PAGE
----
FIG. 6 is a cross-sectional view of a composite device mounted on a printed circuit board parallel to the board;
FIG. 7 is a plan view of composite devices further illustrated in FIGS. 8, 9, 10, 11, 14, and 21;
FIGS. 8, 9, and 10 cross-sectional views along line VIII—VIII in FIG. 7 of composite devices with two elements connected in parallel;
FIG. 11 is a cross-sectional view along line VIII—VIII in FIG. 7 of a composite device with three elements connected in parallel;
FIG. 12 is a plan view of another composite device with two elements connected in parallel but with no residual conductive members as illustrated in FIG. 13;
FIG. 13 is a cross-sectional view along line XIII—XIII in FIG. 12;
FIG. 14 is a cross-sectional view along line VIII—VIII of FIG. 7 of another composite device with two elements connected in parallel;
FIG. 15 is a cross-sectional view of a composite device with two elements connected in series;
FIG. 16 is a plan view of a composite device with more than two external electrical connection points;
FIG. 17 is an electrical diagram of the interconnection scheme of the individual devices connected together to form the composite devices of FIGS. 16 and 18 to 20.
FIGS. 18, 19, and 20 are cross-sectional views along lines XVIII—XVIII, XIX—XIX, and XX—XX, respectively, in FIG. 16;
FIG. 21 is a cross-sectional view of a composite device with two external electrodes and one internal electrode;
FIG. 22 is a plan view of a composite device with multiple electrical connections between layers of a composite device; and
FIG. 23 is a cross-sectional view along line XXIII—XXIII in FIG. 22.
As described and claimed below, and as illustrated in the Figures, this invention incorporates a number of features. Where such a feature is disclosed in a certain context or as part of a particular combination, it can also be used in other contexts and in other combinations, including combinations of any number of such features.
PTC and Resistive Elements
Assemblies and devices of the invention generally comprise at least one laminar polymer element or resistive element which comprises a PTC composition which exhibits positive temperature coefficient (PTC) behavior, i.e. it shows a sharp increase in resistivity with temperature over a relatively small temperature range. The term “PTC” is used to mean a composition or device that has an R14 value of at least 2.5 and/or an R100 value of at least 10, and it is preferred that the composition or device should have an R30 value of at least 6, where R14 is the ratio of the resistivities at the end and the beginning of a 14° C. range, R100 is the ratio of the resistivities at the end and the beginning of a 100° C. range, and R30 is the ratio of the resistivities at the end and the beginning of a 30° C. range.
The PTC compositions used in the present invention are preferably conductive polymers which comprise a crystalline polymer component and, dispersed in the polymer component, a particulate filler component which comprises a conductive filler, e.g. carbon black or a metal. The filler component may also contain a non-conductive filler, which changes not only the electrical properties of the conductive polymer but also its physical properties. The composition can also contain one or more other components, e.g. an antioxidant, crosslinking agent, coupling agent, flame retardant, or elastomer. The PTC composition preferably has a resistivity at 23° C. of less than 50 ohm-cm, particularly less than 10 ohm-cm; especially less than 5 ohm-cm. Suitable conductive polymers for use in this invention are disclosed for example in U.S. Pat. Nos. 4,237,441 (van Konynenburg et al), 4,304,987 (van Konynenburg), 4,514,620 (Cheng et al), 4,534,889 (van Konynenburg et al), 4,545,926 (Fouts et al), 4,724,417 (Au et al), 4,774,024 (Deep et al), 4,935,156 (van Konynenburg et al), 5,049,850 (Evans et al), 5,378,407 (Chandler et al), 5,451,919 (Chu et al), 5,582,770 (Chu et al), 5,747,147 (Wartenberg et al), and 5,801,612 (Chandler et al), and U.S. patent application No. 09/364,504 (Isozaki et al, filed Jul. 30, 1999). The disclosure of each of these patents and applications is incorporated herein by reference.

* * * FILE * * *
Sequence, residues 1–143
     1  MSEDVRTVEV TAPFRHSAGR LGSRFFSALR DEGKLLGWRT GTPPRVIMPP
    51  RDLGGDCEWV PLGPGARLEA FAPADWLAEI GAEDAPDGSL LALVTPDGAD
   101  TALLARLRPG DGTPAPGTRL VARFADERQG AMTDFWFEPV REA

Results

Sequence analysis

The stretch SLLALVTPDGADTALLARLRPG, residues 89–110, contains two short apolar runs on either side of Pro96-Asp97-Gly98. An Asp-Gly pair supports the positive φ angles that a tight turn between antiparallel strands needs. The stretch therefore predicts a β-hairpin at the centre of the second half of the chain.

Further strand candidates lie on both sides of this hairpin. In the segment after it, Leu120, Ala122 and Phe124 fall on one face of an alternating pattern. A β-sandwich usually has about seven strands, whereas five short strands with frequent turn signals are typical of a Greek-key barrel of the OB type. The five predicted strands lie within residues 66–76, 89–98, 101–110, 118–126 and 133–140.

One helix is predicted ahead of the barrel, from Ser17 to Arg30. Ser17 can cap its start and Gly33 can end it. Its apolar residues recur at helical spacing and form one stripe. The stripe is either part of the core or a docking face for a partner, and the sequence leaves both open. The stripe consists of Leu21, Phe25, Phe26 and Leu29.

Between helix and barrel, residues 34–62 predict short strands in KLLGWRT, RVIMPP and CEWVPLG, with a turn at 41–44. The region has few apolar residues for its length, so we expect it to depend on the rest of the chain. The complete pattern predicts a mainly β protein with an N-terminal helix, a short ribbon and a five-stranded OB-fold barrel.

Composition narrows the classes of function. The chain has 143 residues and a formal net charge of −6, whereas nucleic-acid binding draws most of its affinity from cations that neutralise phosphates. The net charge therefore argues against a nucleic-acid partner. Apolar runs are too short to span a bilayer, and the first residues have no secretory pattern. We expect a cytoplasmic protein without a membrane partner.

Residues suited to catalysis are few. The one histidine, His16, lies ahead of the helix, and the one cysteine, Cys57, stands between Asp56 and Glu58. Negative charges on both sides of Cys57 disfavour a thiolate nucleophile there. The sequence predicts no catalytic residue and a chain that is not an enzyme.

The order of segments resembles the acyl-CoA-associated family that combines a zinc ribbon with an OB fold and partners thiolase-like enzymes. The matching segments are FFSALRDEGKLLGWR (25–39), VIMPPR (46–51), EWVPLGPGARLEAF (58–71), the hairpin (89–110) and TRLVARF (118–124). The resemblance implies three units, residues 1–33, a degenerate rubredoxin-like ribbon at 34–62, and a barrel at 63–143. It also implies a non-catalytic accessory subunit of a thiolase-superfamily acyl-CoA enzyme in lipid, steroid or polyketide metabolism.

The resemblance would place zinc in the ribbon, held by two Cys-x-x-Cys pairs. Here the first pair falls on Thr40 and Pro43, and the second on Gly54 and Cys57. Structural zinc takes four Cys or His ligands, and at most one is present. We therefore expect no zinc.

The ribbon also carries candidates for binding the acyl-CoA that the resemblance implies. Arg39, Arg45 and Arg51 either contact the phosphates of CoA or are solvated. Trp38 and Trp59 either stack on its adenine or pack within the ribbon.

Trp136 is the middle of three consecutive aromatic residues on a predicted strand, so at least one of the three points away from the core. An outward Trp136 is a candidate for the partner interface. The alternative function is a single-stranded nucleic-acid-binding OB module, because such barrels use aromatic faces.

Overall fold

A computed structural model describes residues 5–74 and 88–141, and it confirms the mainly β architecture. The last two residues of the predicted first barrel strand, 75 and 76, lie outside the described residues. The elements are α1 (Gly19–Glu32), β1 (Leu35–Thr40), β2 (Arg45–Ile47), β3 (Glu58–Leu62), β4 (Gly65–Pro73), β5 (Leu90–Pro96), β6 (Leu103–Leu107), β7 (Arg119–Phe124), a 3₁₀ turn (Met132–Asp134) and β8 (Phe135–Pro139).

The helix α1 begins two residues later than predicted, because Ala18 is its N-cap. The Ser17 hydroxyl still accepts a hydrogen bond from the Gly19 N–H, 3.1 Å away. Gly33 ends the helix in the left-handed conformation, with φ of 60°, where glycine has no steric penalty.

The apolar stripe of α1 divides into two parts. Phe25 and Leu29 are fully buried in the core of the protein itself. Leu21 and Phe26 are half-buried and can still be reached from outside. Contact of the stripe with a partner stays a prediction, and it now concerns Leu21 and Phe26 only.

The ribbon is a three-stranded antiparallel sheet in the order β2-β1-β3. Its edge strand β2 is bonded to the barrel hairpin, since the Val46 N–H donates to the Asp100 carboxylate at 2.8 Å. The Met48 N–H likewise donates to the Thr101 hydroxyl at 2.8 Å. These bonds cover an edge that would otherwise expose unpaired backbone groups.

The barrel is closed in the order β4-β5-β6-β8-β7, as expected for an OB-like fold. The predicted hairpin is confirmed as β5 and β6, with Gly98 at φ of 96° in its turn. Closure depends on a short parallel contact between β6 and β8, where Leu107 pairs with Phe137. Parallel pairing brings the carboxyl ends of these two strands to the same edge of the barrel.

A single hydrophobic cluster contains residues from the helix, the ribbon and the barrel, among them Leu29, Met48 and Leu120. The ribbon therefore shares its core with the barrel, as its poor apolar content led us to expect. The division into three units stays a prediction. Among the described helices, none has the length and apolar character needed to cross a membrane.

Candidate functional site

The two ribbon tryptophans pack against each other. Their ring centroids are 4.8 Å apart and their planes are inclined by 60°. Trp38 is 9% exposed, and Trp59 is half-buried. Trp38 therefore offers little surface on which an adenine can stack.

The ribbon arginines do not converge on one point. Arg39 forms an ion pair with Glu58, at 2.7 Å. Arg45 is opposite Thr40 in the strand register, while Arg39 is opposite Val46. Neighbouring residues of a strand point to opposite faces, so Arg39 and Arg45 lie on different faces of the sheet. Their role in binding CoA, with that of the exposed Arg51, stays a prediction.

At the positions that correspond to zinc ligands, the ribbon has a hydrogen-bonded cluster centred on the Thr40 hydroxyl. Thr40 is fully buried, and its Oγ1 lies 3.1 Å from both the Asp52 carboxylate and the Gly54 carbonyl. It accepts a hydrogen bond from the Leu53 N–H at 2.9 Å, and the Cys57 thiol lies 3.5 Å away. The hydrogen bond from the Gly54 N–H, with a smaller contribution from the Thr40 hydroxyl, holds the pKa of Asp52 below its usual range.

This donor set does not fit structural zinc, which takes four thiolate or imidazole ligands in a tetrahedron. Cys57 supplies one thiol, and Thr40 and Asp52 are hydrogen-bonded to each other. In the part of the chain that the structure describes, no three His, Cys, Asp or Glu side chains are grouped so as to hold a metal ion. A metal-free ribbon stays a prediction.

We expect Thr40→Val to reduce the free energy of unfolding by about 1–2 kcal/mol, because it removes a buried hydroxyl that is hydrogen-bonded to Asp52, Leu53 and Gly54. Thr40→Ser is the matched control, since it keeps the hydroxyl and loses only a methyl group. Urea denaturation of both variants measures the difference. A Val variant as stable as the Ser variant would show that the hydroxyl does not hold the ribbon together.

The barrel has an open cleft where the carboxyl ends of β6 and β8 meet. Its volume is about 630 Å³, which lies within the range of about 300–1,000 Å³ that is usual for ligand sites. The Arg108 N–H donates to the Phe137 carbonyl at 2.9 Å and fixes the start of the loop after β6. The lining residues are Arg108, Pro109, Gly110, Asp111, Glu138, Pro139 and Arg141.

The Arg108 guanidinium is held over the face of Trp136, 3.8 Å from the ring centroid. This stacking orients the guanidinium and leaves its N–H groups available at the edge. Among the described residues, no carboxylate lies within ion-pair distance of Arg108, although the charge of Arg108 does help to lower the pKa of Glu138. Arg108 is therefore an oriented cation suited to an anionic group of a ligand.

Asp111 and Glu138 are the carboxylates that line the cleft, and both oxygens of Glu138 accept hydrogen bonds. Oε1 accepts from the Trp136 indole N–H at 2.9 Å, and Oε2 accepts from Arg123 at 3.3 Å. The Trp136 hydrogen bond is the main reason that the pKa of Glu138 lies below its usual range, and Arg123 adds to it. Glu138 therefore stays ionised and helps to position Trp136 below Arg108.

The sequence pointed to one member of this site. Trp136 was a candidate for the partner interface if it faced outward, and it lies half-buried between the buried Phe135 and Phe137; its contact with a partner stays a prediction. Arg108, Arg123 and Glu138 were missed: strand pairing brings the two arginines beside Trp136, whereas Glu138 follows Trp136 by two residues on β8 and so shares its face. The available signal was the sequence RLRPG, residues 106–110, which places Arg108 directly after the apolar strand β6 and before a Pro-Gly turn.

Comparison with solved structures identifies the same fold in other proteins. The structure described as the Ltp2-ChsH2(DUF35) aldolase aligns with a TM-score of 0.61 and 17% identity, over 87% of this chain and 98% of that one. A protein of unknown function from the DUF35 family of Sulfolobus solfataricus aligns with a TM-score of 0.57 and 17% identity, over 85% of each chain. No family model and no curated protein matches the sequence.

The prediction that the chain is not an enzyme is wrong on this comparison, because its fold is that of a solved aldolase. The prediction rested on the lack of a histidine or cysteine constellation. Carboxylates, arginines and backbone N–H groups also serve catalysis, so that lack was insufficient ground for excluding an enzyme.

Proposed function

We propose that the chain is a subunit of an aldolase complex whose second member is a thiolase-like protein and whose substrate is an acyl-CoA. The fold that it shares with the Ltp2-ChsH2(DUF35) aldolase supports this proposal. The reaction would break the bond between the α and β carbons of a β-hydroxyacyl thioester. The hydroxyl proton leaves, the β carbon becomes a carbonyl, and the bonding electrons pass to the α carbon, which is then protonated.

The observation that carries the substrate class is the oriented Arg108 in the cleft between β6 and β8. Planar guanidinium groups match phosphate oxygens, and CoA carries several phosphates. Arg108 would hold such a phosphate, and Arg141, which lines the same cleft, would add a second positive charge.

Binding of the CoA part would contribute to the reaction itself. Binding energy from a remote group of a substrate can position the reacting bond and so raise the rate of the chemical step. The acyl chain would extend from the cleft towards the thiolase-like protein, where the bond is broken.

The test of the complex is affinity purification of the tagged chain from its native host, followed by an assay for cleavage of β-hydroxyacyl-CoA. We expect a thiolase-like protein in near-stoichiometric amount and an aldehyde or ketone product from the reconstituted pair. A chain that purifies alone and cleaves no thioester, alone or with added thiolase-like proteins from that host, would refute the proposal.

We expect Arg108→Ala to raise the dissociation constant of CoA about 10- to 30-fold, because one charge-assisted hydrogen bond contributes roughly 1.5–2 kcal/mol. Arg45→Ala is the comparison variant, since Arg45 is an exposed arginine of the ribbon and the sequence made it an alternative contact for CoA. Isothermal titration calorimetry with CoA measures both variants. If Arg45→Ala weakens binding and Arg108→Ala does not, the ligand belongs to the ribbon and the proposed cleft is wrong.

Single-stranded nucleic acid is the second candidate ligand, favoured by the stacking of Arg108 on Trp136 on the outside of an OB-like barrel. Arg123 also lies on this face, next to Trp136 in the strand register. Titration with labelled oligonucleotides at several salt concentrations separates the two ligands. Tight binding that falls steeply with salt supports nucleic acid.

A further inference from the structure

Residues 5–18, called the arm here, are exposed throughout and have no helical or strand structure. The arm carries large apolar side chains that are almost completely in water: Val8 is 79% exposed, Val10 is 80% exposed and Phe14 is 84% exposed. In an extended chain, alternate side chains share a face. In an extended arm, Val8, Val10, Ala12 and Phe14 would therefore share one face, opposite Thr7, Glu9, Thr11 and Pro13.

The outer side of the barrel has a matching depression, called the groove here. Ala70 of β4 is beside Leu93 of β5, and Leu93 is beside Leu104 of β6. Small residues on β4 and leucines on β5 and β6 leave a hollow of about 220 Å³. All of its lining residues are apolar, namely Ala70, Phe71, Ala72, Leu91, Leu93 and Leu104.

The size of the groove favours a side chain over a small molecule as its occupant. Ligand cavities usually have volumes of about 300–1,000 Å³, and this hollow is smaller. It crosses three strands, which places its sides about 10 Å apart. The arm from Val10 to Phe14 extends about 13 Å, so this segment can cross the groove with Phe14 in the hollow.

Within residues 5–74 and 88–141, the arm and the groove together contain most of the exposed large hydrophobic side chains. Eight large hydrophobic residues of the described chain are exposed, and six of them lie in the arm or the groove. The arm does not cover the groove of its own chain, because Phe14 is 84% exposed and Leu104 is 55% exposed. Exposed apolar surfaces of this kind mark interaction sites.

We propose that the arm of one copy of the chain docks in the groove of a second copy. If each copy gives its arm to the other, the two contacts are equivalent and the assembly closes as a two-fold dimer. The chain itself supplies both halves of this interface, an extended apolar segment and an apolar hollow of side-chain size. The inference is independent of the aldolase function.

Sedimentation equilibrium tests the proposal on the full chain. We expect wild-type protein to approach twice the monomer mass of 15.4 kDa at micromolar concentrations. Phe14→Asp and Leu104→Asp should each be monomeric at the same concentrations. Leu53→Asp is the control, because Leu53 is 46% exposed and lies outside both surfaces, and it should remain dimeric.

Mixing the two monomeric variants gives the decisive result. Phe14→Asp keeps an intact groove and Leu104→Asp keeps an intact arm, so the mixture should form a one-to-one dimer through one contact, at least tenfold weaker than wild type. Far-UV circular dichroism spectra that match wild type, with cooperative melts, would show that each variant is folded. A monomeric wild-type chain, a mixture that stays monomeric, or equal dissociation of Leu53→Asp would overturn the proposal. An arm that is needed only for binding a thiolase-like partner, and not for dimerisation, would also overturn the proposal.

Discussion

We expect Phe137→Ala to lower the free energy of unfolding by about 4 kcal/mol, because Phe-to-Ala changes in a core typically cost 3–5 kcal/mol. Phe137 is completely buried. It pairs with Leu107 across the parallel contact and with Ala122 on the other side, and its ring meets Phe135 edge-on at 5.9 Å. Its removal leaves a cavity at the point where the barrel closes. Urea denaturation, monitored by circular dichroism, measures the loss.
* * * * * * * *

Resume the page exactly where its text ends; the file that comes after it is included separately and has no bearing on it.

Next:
Alternatively, the PTC composition can be a ceramic material.
Devices of the invention preferably comprise PTC resistive elements which are laminar elements, and can be composed of one or more conductive polymer members, at least one of which is composed of a PTC material. When there is more than one conductive polymer member, the current preferably flows sequentially through the different compositions, as for example when each composition is in the form of a layer which extends across the whole device. When there is a single PTC composition, and the desired thickness of the PTC element is greater than that which can conveniently be prepared in a single step, a PTC element of the desired thickness can conveniently be prepared by joining together, e.g. laminating by means of heat and pressure, two or more layers, e.g. melt-extruded layers, of the PTC composition. When there is more than one PTC composition, the PTC element will usually be prepared by joining together, e.g. laminating by means of heat and pressure, elements of the different compositions.
Assemblies of the invention comprise first and second laminates, and may comprise additional laminates. The first and second laminates each comprise a laminar polymer element having at least one conductive surface, e.g. in the form of a metal foil electrode as described below. In is specification, each laminate is referred to as a layer. The laminar elements of the first and second laminates may comprise PTC compositions which are the same, or the layers may comprise different PTC compositions. For example, PTC compositions of different resistivities may be used, and an interconnection scheme devised so that one layer can act as a heater, and a second layer can act as an overcurrent protection device. The layers may also comprise PTC compositions of different switching temperatures (i.e. the temperature at which the device switches from a low resistance to a high resistance state). For example, such a device may be useful for creating a two-tier PTC temperature sensor, with one layer being the most sensitive for a lower temperate range, and the second layer being the most sensitive for a higher temperate range. Furthermore, one or more of the laminates may comprise a zero temperature coefficient of resistance (ZTC) composition or a negative temperature coefficient of resistance (NTC) composition.